Investigation underway over clinical trials, says St Kitts and Nevis

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Last updated: August 31 2017 at 6.02am

An “active investigation” has begun in St Kitts and Nevis over allegations that a US-backed vaccine test took place in the federation to evade American safety oversight.

In a statement this evening, the country’s chief medical officer said in a statement via the Ministry of Health and Social Services, that a number of organisations have been kept in the dark over clinical trials.

“The Ministry of Health states categorically that neither the cabinet, the Ministry of Health, the office of chief medical officer nor the St Kitts and Nevis Medical Board has ever been approached on this project,” the statement read.

“By extension, none of these agencies has approved such a venture. As a result, an active investigation has commenced into this project.”

According to a report that surfaced on the Daily Beast website earlier this week, an off-shore herpes vaccine test took place last year in the federation.

The study was backed by Southern Illinois University and a group of wealthy libertarians – including prominent Donald Trump supporter Peter Thiel, who co-founded Paypal.

The trial was labelled “patently unethical” by Jonathan Zenilman, chief of Johns Hopkins Bayview Medical Center’s Infectious Diseases Division.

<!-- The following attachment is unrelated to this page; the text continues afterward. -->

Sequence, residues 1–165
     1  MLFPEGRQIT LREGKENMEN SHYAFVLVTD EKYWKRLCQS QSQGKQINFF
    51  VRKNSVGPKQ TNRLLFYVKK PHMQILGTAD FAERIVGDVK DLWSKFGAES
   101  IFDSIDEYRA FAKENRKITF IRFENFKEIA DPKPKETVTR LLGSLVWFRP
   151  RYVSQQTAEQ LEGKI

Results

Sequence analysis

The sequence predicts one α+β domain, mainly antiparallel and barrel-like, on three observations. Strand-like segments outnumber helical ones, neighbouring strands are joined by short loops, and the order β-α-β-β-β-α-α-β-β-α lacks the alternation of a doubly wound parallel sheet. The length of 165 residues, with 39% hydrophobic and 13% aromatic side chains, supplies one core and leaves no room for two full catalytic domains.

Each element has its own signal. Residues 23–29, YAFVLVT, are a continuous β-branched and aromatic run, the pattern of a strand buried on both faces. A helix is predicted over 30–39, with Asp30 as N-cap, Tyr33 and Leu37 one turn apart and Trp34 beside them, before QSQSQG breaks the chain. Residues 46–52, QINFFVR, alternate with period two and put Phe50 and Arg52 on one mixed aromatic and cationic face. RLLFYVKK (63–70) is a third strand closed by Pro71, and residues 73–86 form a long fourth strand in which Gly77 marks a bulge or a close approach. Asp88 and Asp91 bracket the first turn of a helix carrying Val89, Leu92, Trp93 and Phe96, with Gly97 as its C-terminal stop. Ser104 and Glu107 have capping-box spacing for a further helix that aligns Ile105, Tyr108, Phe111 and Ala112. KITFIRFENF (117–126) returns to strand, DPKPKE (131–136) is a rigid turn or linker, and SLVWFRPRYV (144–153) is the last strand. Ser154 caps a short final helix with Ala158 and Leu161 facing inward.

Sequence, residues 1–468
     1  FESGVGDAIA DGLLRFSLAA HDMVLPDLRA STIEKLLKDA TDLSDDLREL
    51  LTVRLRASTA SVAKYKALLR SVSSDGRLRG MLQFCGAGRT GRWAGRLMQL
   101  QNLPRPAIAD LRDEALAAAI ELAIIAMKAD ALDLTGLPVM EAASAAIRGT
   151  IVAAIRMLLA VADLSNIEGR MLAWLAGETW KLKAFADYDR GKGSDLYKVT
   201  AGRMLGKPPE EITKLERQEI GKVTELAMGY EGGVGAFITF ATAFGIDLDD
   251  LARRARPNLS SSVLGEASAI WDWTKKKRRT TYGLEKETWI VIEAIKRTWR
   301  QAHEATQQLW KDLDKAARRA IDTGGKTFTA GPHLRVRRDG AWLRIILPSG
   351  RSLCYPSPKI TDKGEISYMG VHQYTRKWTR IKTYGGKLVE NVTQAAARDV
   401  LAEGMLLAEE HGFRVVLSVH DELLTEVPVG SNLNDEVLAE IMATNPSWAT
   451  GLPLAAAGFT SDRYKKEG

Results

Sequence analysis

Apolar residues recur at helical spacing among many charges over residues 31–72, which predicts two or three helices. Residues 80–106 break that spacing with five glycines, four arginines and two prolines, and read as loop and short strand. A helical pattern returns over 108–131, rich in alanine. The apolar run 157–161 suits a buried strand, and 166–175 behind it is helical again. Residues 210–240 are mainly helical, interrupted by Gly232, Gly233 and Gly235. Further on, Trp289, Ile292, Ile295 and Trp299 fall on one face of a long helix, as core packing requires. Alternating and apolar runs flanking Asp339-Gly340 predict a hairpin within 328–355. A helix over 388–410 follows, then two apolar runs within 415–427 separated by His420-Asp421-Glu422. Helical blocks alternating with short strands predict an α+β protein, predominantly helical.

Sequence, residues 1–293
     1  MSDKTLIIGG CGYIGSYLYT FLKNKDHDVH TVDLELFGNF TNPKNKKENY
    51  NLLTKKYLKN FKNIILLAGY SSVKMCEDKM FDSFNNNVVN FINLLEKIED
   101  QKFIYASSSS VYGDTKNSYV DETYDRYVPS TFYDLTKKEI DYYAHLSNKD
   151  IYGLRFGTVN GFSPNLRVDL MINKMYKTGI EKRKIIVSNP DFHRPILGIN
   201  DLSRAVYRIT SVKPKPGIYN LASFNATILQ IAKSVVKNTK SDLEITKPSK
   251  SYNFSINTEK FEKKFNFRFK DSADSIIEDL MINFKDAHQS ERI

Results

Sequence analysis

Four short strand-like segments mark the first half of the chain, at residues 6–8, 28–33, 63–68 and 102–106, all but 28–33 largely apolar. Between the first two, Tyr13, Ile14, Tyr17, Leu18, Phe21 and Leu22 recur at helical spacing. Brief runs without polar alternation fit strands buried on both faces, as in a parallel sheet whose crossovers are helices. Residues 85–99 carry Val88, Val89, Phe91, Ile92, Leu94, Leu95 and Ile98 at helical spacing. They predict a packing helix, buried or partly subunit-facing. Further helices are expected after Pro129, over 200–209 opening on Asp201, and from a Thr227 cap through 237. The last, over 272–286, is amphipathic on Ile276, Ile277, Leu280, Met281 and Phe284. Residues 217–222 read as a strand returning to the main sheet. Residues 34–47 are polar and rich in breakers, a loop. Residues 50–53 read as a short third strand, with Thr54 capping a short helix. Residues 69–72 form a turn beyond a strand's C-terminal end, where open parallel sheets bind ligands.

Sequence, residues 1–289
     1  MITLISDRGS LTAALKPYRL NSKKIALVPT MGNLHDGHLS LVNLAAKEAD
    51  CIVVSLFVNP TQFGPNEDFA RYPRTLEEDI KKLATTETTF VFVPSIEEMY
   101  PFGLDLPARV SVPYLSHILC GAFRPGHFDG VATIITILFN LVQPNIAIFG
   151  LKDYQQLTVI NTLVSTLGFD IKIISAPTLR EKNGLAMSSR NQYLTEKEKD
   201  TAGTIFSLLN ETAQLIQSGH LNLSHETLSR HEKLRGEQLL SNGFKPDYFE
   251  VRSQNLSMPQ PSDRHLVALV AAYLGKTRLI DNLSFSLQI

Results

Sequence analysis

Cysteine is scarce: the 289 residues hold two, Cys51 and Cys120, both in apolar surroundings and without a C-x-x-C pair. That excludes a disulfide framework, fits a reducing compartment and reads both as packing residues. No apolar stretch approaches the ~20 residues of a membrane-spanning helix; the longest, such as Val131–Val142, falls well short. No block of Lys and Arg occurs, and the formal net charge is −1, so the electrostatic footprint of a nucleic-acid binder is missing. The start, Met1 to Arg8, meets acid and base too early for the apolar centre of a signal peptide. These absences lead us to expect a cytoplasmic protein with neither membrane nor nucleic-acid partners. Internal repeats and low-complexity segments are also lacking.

Safety and security first – ministry

Genital herpes is caused by two viruses that can trigger outbreaks of painful sores. Many patients have no symptoms, though a small number suffer greatly.

The virus is primarily spread through sexual contact, but also can be passed on skin-to-skin.

Earlier today WIC News reported that Denzil Douglas, leader of the opposition St Kitts-Nevis Labour Party, was directing questions to the government over the matter.

He accused the current administration of being in the know.

The health ministry’s statement empathically denies any knowledge, and stresses that international regulations will always be followed.

“The Ministry of Health will always ensure that all research involving human participants follow international standards which protect the safety and security of persons involved,” it said.

“In order to help fulfil this mandate, the chief medical officer convened an Interim Ethics Review Committee (IERC) to vet all medical research protocols in the Federation in keeping with international best practices.

“The role of the IERC is to ensure that the basic ethical principles and guidelines that govern the conduct of research involving human beings are maintained at all times.”

An update will be given once investigations have been concluded, it added.


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